Penelope Keith

article - Penelope Keith

Dame Penelope Anne Constance Keith, DBE, DL (née Hatfield; born 2 April 1940) is an English actress and presenter, active in all genres, including film, radio, stage and television and primarily known for her roles in the British sitcomsThe Good Life and To the Manor Born. She succeeded Lord Olivier as president of the Actors’ Benevolent Fund after his death in 1989, and was appointed Dame Commander of the Order of the British Empire (DBE) in the 2014 New Year Honours for services to the arts and to charity.[1]

Actress; High Sheriff of Surrey; Deputy Lieutenant of Surrey

Penelope Keith

Born
Penelope Anne Constance Hatfield

(1940-04-02) 2 April 1940 (age 81)

Sutton, Surrey, England
Occupation Actress and presenter
Years active 1959–present
Spouse(s)
Rodney Timson

(m. 1978)

Children 2

Keith joined the Royal Shakespeare Company in 1963, and went on to win the 1976 Olivier Award for Best Comedy Performance for the play Donkeys’ Years. She became a household name in the UK playing Margo Leadbetter in the sitcom The Good Life (1975–78), winning the 1977 BAFTA TV Award for Best Light Entertainment Performance.

In 1978, she won the BAFTA TV Award for Best Actress for The Norman Conquests. She then starred as Audrey fforbes-Hamilton in the sitcom To the Manor Born (1979–81), a show that received audiences of more than 20 million. She went on to star in another six sitcoms, including Executive Stress (1986–88), No Job for a Lady (1990–92) and Next of Kin (1995–97). Since 2000, she has worked mainly in the theatre, with her roles including Madam Arcati in Blithe Spirit (2004) and Lady Bracknell in The Importance of Being Earnest (2007).

. . . Penelope Keith . . .

Penelope Anne Constance Hatfield was born in Sutton in 1940.[2] Her father, an army officer who was a Major by the end of the Second World War, left her mother Connie when Keith was a baby, and she spent her early years in Clacton-on-Sea and Clapham. Her great uncle, John Gurney Nutting, was a partner in the coachbuilding firm of J Gurney Nutting & Co Limited, and Keith recalls sitting in the Prince of Wales’s car. [3]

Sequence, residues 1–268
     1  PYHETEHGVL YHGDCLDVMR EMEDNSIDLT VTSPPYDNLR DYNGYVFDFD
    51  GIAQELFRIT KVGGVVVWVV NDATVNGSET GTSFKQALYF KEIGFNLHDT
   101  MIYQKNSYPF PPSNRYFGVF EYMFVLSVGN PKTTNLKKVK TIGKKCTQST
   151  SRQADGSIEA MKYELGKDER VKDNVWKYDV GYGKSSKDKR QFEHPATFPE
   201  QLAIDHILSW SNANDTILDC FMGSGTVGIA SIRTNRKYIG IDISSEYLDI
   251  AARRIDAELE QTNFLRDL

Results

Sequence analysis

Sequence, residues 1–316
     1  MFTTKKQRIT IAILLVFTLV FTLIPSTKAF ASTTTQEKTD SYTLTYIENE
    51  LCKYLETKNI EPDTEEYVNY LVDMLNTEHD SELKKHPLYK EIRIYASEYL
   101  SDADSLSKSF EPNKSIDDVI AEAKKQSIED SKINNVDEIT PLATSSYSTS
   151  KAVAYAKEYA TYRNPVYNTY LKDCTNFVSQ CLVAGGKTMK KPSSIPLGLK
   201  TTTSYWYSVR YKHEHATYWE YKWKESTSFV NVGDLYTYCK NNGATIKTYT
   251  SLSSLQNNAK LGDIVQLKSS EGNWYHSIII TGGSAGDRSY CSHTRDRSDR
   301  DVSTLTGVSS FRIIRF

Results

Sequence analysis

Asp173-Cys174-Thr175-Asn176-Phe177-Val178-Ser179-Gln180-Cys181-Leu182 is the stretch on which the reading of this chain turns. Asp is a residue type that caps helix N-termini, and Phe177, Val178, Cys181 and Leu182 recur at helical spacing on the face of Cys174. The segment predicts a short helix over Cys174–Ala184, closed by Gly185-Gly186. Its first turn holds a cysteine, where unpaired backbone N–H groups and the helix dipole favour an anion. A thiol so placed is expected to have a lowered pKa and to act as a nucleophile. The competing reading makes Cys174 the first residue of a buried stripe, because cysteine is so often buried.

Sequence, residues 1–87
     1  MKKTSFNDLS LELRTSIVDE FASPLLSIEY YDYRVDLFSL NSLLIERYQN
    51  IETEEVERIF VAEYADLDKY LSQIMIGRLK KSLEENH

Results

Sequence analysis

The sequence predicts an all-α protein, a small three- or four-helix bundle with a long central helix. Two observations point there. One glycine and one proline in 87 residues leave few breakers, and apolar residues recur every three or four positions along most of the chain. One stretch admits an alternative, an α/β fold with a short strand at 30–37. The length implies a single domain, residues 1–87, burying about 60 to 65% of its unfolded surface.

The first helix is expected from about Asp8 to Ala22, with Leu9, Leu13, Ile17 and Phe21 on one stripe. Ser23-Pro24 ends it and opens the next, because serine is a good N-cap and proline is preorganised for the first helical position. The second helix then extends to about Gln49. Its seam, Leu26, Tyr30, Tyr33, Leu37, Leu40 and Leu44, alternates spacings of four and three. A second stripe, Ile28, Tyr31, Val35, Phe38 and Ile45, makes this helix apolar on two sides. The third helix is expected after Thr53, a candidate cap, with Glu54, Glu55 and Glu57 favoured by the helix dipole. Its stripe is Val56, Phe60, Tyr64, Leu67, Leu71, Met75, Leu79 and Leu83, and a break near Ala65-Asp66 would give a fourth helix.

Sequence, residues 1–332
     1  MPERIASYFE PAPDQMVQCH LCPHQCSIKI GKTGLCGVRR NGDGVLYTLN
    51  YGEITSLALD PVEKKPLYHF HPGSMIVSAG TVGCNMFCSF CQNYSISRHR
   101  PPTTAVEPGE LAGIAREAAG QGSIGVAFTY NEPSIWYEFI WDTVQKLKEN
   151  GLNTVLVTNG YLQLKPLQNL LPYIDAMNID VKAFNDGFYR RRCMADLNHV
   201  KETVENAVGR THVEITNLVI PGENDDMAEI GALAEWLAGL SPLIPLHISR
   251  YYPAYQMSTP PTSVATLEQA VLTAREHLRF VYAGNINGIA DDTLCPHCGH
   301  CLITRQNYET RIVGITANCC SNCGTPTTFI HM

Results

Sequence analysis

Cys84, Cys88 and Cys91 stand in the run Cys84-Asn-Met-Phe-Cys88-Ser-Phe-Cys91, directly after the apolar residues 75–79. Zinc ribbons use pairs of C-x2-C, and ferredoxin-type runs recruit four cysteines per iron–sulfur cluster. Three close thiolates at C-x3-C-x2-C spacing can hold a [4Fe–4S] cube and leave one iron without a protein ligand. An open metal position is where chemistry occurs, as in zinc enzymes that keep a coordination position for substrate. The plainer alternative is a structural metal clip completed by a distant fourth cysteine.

Although not a Roman Catholic, at the age of six she was sent to a Catholic boarding school in Seaford.[4] Here she became interested in acting,[2] and she frequently went to matinées in the West End with her mother. When she was eight years old, her mother remarried and Penelope adopted her stepfather’s surname, Keith. While she did not get on with her stepfather, her mother was a “rock of love” to her. She was rejected by the Central School of Speech and Drama, on the grounds that, at 5’10” (1.78 m), she was too tall. However, she was then accepted at the Webber Douglas Academy of Dramatic Art and spent two years there while working at the Hyde Park Hotel in the evenings.[5]

Keith began her career working in repertory theatre around Britain, including Lincoln, Manchester, and Salisbury. Keith’s earliest appearances were in The Tunnel of Love, Gigi, and Flowering Cherry. In 1963, she joined the Royal Shakespeare Company and acted with them in Stratford and at the Aldwych Theatre in London.[4]

. . . Penelope Keith . . .

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. . . Penelope Keith . . .

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